Origin of idler
adjective, i·dler, i·dlest.
verb (used without object), i·dled, i·dling.
verb (used with object), i·dled, i·dling.
Origin of idle
Synonyms for idle
Antonyms for idle
Examples from the Web for idler
Historical Examples of idler
Labour is not only a necessity and a duty, but a blessing: only the idler feels it to be a curse.
Fowell learnt very little at school, and was regarded as a dunce and an idler.
He was like an idler basking in the sun, conscious of nothing but just the warmth and comfort of it.Jan and Her Job
L. Allen Harker
A likable chap, this Thorpe, but lazy—just an idler—he had concluded.
Garry was now the young Laird, and I was but an idler, a burden on the estate.The Trail of '98
Robert W. Service
Word Origin for idle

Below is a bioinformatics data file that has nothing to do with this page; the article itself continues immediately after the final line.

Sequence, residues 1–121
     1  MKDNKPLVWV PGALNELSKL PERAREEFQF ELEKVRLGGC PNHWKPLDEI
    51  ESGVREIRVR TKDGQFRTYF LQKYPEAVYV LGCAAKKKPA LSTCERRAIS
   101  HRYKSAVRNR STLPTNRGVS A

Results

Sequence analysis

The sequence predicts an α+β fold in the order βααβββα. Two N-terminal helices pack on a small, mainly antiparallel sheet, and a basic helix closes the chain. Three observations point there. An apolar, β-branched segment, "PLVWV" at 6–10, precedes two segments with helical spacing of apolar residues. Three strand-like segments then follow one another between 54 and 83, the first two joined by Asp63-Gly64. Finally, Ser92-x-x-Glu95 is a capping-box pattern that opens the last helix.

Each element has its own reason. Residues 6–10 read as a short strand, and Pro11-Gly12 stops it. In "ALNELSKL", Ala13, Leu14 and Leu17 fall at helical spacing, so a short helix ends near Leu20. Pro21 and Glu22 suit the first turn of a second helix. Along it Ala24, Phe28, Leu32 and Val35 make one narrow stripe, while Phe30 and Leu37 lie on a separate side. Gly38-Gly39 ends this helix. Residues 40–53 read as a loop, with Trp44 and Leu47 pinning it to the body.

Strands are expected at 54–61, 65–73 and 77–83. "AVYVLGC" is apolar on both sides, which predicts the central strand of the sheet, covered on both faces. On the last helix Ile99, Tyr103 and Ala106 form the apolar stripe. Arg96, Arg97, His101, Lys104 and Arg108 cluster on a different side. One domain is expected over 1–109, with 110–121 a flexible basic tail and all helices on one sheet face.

1530s, agent noun from idle.
Old English idel "empty, void; vain; worthless, useless; not employed," common West Germanic (cf. Old Saxon idal, Old Frisian idel "empty, worthless," Old Dutch idil, Old High German ital, German eitel "vain, useless, mere, pure"), of unknown origin. Idle threats preserves original sense; meaning "lazy" is c.1300.
late 15c., "make vain or worthless," from idle (adj.). Meaning "spend or waste (time)" is from 1650s. Meaning "cause to be idle" is from 1789. Sense of "running slowly and steadily without transmitting power" (as a motor) first recorded 1916. Related: Idled; idling.